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101 Ways Not to Raise Your Kid

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Met a great guy up at Wanderlust Tahoe this year, grizzled and sly, total Burner-tastic, probably 50 but also sort of ageless, a dead ringer for Ted Nugent except not at all a monstrous libertarian bow-hunting idiot jackass you never want to be anywhere near.

My friend, let's call him Rick, he was selling his Bali-made, Burning Man-style festival clothes in a large and super-popular booth packed to the poles with shredded, ultra-threaded, leather-fringed and wildly tinged festival-wear, the kind that looks fantastic when covered in dust and spilled tequila and which loves to be worn every day for two weeks straight in an unwashed, orgiastic stupor.

Rick and I got to chatting. About Burning Man. About clothes and yoga, Bali and life itself. He looked familiar? Surely our paths have crossed? Surely our camps have merged at some point out on the playa?

Turned out to be true. We sort of knew each other. The festival circuit, transformational events, music and heat and a mad swirl of OMG yes. His camp's Golden Dragon bus (from Abraxas) has surely teamed up with my camp's Garage Mahal flame-throwing double-decker dance-mobile? Aha! Small world.

The obvious question came up: Was he going to Burning Man this year? Ah, he wasn't sure. Pointed to his wife sitting nearby, a hotly tattooed blonde in long dreadlocks and a perfectly shredded red dress, chatting amiably with a friend. Said they have a 2-year-old back home, and they've been traveling a lot, selling at festivals. Might have to stick to the home front this year.

Of course! I said. BM is rough on kids, after all, way too intense. The heat, the dust, the dangerous elements are tough on those little bodies, right? Not really healthy or safe. Besides, how can the parents indulge all proper-like when the kid is ever needy and wailing? Nothing like birthing a kid to throw your BM plans to the long-term wayside, am I right, Rick?

Rick was shocked. "Hell, no!" he said, a jolt of bemused disbelief in his voice. "Our kid would love Burning Man," he said. Told me his kid was ingesting hardcore DJ booms in the womb, has nerves of steel and loves to run headlong into any party situation with a giant grin and a fearless yelp. "He'd have a blast at Burning Man!" Rick assured me. Even at two, I asked? Hell yes, even at two.

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I stood corrected, my dumb and rather judgmental auto-assumption properly defenestrated. Take a 2-year-old to the playa without a problem? Why the hell not? We chatted some more, and I walked away smiling and nodding.

This is the thing, no? This is the conundrum wrapped in the paradox smacked upside the head with a big wallop of shut the hell up.

How locked down we become, how convinced we are that certain ways and modes are acceptable and right while others are not, how easy to remain stuck to a million western-fed BS lies about everything from parenting to politics, food to fashion. Such ridiculousness. Such bogus belief. Such bulls--t.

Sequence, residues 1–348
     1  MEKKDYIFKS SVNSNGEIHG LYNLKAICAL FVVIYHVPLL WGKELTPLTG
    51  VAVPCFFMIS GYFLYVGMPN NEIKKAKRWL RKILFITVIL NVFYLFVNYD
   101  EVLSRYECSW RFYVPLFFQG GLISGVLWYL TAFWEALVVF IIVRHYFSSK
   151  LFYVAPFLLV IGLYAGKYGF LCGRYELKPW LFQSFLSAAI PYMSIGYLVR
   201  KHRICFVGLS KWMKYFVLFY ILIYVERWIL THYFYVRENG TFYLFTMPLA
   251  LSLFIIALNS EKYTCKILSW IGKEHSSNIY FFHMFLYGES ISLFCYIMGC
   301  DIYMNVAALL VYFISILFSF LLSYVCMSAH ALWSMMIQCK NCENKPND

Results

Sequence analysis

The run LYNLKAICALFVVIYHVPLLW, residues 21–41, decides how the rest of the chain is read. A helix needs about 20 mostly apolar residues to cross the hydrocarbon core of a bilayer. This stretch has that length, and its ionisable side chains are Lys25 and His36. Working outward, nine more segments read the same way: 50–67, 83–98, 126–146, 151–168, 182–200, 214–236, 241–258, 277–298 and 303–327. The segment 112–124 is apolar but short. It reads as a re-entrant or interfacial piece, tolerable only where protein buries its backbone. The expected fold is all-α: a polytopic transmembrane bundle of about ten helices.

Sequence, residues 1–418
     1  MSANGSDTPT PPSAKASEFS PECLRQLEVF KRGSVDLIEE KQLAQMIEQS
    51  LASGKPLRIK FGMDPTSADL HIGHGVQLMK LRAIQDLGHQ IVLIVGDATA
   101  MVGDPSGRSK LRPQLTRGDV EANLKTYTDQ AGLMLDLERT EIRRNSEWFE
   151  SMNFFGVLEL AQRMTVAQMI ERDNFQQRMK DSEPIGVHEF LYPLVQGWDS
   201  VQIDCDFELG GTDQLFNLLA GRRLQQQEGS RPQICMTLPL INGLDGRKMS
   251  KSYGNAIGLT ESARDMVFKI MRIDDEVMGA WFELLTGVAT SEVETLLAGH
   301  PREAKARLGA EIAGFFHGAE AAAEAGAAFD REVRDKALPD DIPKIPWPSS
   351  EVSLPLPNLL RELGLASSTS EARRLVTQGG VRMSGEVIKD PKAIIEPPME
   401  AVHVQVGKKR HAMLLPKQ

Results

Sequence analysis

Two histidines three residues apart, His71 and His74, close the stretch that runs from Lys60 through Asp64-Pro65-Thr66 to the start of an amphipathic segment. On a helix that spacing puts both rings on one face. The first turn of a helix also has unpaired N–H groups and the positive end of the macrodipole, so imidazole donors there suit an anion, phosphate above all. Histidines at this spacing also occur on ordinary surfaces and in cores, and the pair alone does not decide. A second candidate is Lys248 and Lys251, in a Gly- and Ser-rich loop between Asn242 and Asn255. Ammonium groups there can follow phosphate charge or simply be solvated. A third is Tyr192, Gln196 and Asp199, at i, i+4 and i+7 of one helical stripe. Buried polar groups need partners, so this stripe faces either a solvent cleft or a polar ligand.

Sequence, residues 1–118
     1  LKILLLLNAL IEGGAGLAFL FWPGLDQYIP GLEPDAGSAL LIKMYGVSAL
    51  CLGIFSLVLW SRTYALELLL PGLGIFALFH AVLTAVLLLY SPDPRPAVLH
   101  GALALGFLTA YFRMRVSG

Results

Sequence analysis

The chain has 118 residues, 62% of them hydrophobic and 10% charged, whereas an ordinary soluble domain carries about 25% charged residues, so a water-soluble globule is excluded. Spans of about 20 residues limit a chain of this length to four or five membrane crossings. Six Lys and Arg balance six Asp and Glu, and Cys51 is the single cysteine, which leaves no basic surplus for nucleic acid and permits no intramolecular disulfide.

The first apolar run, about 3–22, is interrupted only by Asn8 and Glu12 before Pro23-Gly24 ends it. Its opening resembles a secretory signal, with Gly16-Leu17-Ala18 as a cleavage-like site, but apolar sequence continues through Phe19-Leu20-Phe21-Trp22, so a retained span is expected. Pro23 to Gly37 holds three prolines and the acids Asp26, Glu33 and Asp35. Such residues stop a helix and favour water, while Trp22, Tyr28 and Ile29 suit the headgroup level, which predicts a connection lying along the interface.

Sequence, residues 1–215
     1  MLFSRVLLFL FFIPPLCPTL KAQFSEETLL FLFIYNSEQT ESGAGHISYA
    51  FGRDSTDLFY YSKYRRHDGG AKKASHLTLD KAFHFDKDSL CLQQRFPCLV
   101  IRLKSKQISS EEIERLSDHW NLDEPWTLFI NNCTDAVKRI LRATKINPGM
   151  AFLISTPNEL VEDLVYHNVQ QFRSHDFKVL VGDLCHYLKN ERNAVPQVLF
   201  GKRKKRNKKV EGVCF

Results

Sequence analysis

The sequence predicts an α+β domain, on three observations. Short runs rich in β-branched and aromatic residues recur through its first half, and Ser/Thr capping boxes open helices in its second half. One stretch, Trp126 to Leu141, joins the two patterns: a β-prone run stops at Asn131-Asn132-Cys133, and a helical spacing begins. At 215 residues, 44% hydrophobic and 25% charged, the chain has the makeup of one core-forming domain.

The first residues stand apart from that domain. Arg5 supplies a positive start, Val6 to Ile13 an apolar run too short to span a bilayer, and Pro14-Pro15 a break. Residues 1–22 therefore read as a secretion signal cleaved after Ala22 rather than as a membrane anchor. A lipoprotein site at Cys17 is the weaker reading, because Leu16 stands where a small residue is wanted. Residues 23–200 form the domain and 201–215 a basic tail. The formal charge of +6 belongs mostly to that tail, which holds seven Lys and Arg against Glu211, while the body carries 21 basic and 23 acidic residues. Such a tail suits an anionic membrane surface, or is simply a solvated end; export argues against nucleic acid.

I've certainly enjoyed my own set of biases. For many years I used to see little kids at Burning Man -- sometimes even newborns, others just a few months old -- and I'd stare incredulously at the seemingly reckless parents. "How could you do this to that kid?" I seethed to myself. "What right do you have to submit a delicate, developing being to such extreme, dangerous conditions? Goddamn irresponsible, is what it is. Arrogant and selfish." I was convinced. Convinced!

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Color me awakened. Of course this hot Burner couple could haul their tiny, tough-as-nails kid to BM without a hitch or a harsh letter from Child Protective Services. Of course we do not know what we think we know, you with your precious, saccharine Parenting Magazine and your endless fears of "Oh my God Timmy don't touch that dirty spoon you don't know where it's been." Such wimps we are. Whiny and self-victimized beyond recognition. Sheesh.

I was in Bali myself just recently, leading a fantabulous retreat (Yoga for Writers), which turned out to be three full weeks of glorious immersion in Balinese culture and the island's unerring beauty, totally drunk on the endless ritual, the stunning amount of everyday sacredness the Balinese infuse into every grin and crevasse of life.

Did you know that in Bali, babies are considered deities? That the feet of newborns do not touch the earth for three full months...

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Mark Morford is the author of The Daring Spectacle: Adventures in Deviant Journalism, a mega-collection of his finest columns for the San Francisco Chronicle and SFGate, and the creator of the new Mark Morford's Apothecary iOS app. He's also a well-known ERYT yoga instructor in San Francisco. Join him on Facebook, or email him. Not to mention...